Greece’s Prime Minister George Papandreou said that the bond repurchase measure in the country’s second bailout amounted to a joint euro zone bond in what he called a move beyond a monetary union for the group of 17 nations sharing a single currency. Germany, however, said Berlin was opposed to such an approach as a broad measure.
Reuters reported that Papandreou, speaking on Wednesday to party lawmakers, made the characterization about the low-interest loans that are to be extended to his country. While Papandreou has supported the idea of jointly issued euro zone bonds, opposition to the notion has been fierce among other euro zone nations such as Germany. However, the Greek leader said that in agreeing to extend cheap loans to Athens, the euro zone had taken one step closer to making such bonds a reality.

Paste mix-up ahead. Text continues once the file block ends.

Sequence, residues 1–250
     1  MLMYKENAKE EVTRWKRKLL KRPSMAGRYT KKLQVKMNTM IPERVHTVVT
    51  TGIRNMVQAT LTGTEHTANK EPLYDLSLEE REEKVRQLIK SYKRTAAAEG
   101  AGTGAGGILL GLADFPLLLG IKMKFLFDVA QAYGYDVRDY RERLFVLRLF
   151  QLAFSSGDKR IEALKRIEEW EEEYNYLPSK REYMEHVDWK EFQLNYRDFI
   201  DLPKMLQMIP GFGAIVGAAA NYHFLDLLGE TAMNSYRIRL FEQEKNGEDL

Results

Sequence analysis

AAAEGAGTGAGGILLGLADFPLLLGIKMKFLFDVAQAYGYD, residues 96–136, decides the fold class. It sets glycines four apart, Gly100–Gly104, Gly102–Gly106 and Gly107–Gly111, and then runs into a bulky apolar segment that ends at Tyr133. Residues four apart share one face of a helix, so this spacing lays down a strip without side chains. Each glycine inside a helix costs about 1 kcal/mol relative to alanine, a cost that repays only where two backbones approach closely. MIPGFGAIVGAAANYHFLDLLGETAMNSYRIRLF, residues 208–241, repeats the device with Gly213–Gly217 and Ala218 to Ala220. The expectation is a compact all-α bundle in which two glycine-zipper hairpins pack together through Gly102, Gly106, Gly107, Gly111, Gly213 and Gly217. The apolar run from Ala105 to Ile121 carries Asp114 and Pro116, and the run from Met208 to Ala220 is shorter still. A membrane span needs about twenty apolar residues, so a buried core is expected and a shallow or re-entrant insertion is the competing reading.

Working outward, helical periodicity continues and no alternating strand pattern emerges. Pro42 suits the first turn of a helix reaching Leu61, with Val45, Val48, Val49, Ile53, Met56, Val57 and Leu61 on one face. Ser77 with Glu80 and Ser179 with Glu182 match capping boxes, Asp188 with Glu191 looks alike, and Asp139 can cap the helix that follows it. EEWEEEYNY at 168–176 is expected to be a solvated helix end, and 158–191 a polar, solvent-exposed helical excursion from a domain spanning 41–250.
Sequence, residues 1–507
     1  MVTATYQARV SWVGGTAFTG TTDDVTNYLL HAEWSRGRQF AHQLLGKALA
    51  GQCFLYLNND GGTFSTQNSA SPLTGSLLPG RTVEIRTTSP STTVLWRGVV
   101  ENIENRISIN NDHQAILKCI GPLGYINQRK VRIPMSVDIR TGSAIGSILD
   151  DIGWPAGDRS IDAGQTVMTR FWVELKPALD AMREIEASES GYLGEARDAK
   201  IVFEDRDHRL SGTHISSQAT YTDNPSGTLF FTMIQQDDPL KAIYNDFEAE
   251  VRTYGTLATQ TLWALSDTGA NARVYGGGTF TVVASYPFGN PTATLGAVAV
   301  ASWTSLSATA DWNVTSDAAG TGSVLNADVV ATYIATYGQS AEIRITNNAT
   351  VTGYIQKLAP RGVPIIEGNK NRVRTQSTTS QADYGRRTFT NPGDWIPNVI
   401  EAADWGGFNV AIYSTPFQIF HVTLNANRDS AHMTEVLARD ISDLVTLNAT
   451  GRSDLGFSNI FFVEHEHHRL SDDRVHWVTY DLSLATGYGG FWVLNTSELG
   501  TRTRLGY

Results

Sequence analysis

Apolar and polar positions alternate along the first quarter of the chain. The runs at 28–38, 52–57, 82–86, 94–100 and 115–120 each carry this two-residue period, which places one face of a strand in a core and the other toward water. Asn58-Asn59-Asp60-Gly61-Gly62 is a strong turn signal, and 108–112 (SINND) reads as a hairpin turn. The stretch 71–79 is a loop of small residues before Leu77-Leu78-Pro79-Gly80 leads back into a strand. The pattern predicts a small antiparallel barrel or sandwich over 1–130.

He was quoted in the report saying, “The decision of our European partners to lend us at 3.5%, an interest rate just above the one at which Germany itself is borrowing, is in essence tantamount to introducing a European bond, regardless of the fact that this system has not been completed yet.”
Papandreou praised the move, adding that, while Europe was not rushing to make decisions on the debt crisis, it was also moving toward a more united front. He said in the report, “Europe is becoming more political, stronger. It is moving beyond the stage of being just a simple monetary union.”